by Karen Weiland, Advanced Master Gardener
Not only is fall a time for harvesting fruit, it is also a time to perform activities to keep your fruit plants, trees and bushes healthy and productive for the coming year.
Unless it is a must because of disease, damage or for removal of dead branches, fall is not the time to do any pruning. Pruning in early fall may stimulate new growth that will not harden before the cold sets in and pruning in late fall will not give the cut time to heal and will be an invitation for disease to enter. It is recommended that pruning and fertilizing are both best done in late winter to early spring.
One of the best practices you can perform for your fruit trees to reduce the occurrence of pests is to remove all dropped fruit and pick the tree clean of any remaining fruit that could fall later. Don’t forget to do the same thing for the grapes. Along with the fruit, clean up any fallen leaves too. Pests and disease can overwinter in fruit and leaves, so removing them will decrease the chance of having problems next growing season.
Mulch, a couple of inches will do the trick, just don’t pack it up against the trunk of the tree. Keep mulch about 4 to 6 inches away from the trunk to discourage mice and voles from chewing on the bark during the winter. For newly planted stock, it is recommended that a loose wrap be placed around the trunk. You do not want the wrap to be tight up against the bark. A tight wrap will trap moisture against the bark. A wrap will not only deter mice and voles from chewing but will also protect the tender tree bark from sunscald. Sunscald (winter tree injury) happens on the south side of the tree in rapid temperature fluctuations from sunshine on cold winter days. For the sunscald issue I like to use a length of plastic, flexible drain pipe. Cut it the entire length and fit it over the tree trunk. For older trees, hardware cloth can be formed into a cylindrical shape to cover the trunk to deter the animals. A section of wire fencing wrapped loosely around the trunk will keep deer from rubbing against the bark.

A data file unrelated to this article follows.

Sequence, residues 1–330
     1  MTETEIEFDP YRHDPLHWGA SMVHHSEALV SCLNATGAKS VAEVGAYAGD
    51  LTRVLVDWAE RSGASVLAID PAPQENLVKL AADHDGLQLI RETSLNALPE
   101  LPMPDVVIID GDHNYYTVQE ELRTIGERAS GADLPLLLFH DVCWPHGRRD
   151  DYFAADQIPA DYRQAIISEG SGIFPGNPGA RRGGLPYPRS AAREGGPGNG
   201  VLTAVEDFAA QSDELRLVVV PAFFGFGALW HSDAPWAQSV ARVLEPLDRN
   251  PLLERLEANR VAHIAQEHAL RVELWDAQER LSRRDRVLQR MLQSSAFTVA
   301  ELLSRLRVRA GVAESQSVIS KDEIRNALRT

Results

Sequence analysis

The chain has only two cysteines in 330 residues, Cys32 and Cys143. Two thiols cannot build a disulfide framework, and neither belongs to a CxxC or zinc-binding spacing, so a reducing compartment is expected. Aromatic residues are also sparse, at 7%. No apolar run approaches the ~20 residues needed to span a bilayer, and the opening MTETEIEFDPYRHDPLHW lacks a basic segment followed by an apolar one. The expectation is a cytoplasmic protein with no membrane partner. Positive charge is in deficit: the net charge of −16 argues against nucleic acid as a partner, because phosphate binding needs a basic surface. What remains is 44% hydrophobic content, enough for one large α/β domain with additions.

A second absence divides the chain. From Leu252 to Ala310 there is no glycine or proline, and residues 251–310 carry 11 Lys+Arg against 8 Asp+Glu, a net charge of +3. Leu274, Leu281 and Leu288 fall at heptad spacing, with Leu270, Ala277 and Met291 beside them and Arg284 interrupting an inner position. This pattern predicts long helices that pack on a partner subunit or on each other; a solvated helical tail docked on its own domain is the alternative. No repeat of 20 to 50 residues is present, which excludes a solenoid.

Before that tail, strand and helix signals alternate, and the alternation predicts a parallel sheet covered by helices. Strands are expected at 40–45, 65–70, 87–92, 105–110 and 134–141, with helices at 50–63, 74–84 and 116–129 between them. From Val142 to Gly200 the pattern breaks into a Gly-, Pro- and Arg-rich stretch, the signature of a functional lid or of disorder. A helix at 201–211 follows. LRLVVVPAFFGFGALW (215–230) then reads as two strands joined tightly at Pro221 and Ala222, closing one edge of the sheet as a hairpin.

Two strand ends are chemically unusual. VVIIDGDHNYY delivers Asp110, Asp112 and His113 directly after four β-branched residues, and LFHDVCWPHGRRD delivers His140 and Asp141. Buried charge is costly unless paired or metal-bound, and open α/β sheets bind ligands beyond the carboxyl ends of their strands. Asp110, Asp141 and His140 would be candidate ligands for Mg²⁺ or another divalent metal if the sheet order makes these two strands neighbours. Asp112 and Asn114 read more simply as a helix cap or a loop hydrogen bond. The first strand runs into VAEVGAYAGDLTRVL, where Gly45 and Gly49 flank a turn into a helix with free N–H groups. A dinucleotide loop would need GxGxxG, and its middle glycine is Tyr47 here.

Strawberries need to harden properly for winter survival. It is recommended to wait to cover them until the hard frosts start to freeze the soil. Straw or chopped up leaves work very well for covering strawberries. Do not use whole leaves as they tend to mat down and smother the strawberry plants.
According to Rink, one of my fellow LaGrange Co. Master Gardeners, the old producing canes of raspberries can be cut back during the fall. Raspberries like a bit of acidity so chopped up oak leaves or pine needles make good mulch for them. Straw or wood chips can be used too. Fertilizing should be done in the spring as well as spraying before new growth appears for pests.
With cooler temperatures and an increase in rainfall, fall is the best time of year to plant or expand a home orchard. The soil is still warm, which encourages root development, while the tree itself is going dormant and will not need an enormous amount of water.
As always, Happy Gardening!
More information about gardening and related subjects can be found online at www.hort.purdue.edu/ext/garden_pubs The Purdue University Cooperative Extension Service can be reached at 499-6334 in LaGrange Co., 636-2111 in Noble Co., 925-2562 in DeKalb Co. and 668-1000 in Steuben Co.
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